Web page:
situation. Many NGOs lack the capacity or interest to upscale and institutionalise success-
ful local innovations, and this can contribute to lack of recognition by policy makers.

Most good practices applied by small-scale farmers or development workers are deve-
loped by themselves through trial and error, by building on indigenous knowledge, or
have resulted from the modified application of ideas introduced from outside. Often,
these local innovations go unnoticed. This booklet gives an insight into small-scale
water harvesting techniques all over the world. Some may form a good basis for larger
scale application.

Facts and figures:

Projections for 2025 indicate that the number of people living in water-stressed
countries will increase six-fold to 3 billion. Today, 470 million people live in regions
where severe shortages exist.

1.1 billion people in the world do not have access to safe water: roughly one-sixth of
the world’s population.

The average distance that women in Africa and Asia walk to collect water is 6 km,
carrying an average of 20 kg on their heads.

An estimated 25% of people in developing country cities use water vendors, purcha-
sing water at significantly higher prices than for piped water.

The population in the Kibeira slum in Nairobi, Kenya, pays up to five times the price
that an average American citizen pays for a litre of water.

Approximately 75% of the poor depend on rain-fed agriculture for their livelihoods.
In sub-Saharan Africa the proportion is over 90% of the population, generating
30-40% of GDP.

In semi-arid regions such as sub-Saharan Africa and parts of Asia, each kilogram of
grain produced requires 5,000 litres of rainfall.

The untapped potential of rain-fed systems is approximately the equivalent of

doubling yields.

60% of rainfall does not end up in rivers or aquifers, but is retained in the soil,
available as ‘green water’ for plant-ecosystems.

In typical dry land without adequate vegetation cover and degraded forest and grass-
land, 90% of precipitation will run off or evaporate, and only 10% will be retained.

The costs of water harvesting technologies vary from less than US$ 150 to US$ 6,500
per hectare. Small to medium-sized surface reservoirs in Africa cost between US$ 0.8
and US$ 3.0 per stored m3, including water lost by seepage and evaporation. Sub-
surface dams in East Africa cost between US$ 2.5 and US$ 4 per stored m3 of water.
The elements of water harvesting 

The main principle of water harvesting is to work with nature, and make optimum use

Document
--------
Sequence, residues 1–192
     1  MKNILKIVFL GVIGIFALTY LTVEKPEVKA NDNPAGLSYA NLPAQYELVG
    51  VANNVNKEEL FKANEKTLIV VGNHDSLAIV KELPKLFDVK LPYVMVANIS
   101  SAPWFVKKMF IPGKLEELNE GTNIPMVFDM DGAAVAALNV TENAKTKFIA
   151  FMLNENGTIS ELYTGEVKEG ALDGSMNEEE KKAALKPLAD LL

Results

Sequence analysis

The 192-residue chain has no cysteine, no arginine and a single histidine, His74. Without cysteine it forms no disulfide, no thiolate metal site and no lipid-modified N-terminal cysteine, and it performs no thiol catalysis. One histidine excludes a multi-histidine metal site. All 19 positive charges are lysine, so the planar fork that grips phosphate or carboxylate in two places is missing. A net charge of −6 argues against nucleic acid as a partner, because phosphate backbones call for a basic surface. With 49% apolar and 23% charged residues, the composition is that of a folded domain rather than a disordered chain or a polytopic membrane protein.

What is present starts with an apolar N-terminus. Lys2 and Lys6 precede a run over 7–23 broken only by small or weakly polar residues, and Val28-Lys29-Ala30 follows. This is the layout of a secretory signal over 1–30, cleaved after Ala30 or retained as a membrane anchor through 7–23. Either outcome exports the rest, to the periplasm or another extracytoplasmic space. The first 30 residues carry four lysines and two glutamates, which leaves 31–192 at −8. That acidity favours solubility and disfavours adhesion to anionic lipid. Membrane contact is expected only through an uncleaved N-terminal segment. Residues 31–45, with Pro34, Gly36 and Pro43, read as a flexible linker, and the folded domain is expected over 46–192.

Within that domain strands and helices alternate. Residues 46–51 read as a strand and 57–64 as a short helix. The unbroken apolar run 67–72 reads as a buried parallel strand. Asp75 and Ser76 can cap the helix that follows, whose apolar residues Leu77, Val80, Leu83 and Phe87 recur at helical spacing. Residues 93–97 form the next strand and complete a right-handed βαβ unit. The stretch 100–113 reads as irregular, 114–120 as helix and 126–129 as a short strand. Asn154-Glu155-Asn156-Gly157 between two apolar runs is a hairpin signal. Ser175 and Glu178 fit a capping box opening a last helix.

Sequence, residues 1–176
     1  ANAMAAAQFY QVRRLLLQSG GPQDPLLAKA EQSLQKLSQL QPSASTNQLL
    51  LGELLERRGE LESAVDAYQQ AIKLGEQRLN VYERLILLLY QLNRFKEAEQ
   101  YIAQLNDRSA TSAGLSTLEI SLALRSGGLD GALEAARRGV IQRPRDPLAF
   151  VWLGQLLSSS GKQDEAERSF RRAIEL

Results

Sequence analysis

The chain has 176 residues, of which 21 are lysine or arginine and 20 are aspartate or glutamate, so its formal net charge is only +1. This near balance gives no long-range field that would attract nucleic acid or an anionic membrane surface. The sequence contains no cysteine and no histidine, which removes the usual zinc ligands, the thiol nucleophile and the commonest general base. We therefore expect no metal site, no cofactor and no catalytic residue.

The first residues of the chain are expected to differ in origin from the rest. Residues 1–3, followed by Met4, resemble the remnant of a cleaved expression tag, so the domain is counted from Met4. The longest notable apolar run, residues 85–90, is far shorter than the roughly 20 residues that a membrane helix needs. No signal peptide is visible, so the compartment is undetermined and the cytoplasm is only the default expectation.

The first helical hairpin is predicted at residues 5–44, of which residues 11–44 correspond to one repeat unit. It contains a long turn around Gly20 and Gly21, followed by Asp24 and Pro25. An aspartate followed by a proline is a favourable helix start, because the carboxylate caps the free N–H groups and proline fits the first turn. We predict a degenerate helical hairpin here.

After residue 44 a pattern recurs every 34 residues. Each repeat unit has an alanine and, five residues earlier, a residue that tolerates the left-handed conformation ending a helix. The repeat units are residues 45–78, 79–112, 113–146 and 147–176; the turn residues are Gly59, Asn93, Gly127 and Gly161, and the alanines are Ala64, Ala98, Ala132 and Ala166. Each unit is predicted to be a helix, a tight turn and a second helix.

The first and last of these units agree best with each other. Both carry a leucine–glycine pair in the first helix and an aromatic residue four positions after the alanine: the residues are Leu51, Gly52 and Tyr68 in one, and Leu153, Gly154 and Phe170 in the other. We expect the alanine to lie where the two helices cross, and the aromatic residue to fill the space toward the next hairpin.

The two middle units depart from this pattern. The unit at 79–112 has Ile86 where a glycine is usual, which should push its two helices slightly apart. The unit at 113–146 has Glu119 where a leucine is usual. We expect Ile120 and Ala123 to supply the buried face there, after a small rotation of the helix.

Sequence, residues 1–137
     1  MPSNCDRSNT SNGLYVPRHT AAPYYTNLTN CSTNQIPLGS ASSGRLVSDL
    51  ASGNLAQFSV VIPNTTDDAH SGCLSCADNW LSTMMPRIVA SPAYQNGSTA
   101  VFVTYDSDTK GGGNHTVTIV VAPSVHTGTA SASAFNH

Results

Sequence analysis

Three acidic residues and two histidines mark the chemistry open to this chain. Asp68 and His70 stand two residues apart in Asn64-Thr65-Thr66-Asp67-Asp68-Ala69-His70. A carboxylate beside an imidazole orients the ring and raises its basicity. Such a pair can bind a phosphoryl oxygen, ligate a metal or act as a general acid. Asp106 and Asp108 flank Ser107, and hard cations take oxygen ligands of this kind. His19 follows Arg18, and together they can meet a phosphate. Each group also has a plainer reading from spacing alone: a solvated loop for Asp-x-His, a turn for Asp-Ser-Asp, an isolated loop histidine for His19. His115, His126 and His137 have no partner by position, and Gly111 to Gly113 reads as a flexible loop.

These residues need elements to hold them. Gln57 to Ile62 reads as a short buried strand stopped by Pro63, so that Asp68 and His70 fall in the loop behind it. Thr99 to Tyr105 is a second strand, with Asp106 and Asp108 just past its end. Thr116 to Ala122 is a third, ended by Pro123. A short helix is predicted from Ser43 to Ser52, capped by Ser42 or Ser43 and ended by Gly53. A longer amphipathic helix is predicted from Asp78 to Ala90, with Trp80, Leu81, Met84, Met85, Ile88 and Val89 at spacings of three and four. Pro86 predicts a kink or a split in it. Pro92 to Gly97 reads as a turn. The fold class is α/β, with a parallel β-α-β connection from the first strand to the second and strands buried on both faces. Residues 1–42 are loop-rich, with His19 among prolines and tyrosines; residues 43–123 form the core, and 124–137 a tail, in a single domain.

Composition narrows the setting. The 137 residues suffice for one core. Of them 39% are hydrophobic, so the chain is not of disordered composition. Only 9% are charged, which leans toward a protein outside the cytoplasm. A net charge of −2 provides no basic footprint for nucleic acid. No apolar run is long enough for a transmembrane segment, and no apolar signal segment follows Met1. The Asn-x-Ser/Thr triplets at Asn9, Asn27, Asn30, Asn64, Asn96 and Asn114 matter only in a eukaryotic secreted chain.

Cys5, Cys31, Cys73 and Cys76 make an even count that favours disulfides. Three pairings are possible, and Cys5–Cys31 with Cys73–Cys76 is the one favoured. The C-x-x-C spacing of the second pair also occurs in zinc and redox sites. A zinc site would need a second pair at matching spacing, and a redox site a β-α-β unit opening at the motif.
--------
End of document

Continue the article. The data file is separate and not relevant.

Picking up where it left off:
of available water resources, storage means and harvesting technologies.

The essence and success of water harvesting is to collect water during the (short)
wet periods and to store and use it for subsequent dry periods. To achieve this, it is
important to understand the water cycle, the natural purification of water and water

The development and selection of a water harvesting technique should consider

all available water sources and options for collection, storage, treatment and use,
and should take into account the availability of local materials and equipment. The
best choice will also take into account socio-cultural, political, legal, environmental,
economic, organisational and management aspects.

Available water sources

Water harvesting techniques can be categorised into four groups, according to the
available water source and the storage medium:

Rainwater or fog harvesting collects water directly where it falls as rain or snow, from
ground surfaces or rooftops or by intercepting fog. Rooftop rainwater and intercepted
fog are commonly of a good quality, but may be affected by air pollution, dirt on roofs or
rust on metal sheets. If measures are taken to prevent the first polluted flush entering
storage tanks, water can be fit for drinking and other domestic use with little or no

Rainwater and fog harvesting are especially important in semi-arid areas, where it
is necessary to store the maximum amount of water during the wet season for later
use. Rainwater harvesting and fog interception systems generally have three common

A catchment surface for rainfall or fog interception. For collecting rainfall from rooftops,
a clean impervious roof made from
non-toxic materials (e.g. galvanised
iron, cement or tin, without asbestos
or lead) is essential. Water from that-
ched roofs should be filtered or trea-
ted before being used for drinking.

A delivery system between collection

and storage. For roofs, this usually
consists of gutters from the sides of
the roof sloping towards a downpipe
and the tank. Metal and PVC are com-
monly used. Splashguards prevent
overshooting of rainwater in regions
with high intensity rain. The runoff
from the first rainfall, which contains
most of the dust and debris that have
accumulated on the roof, is diverted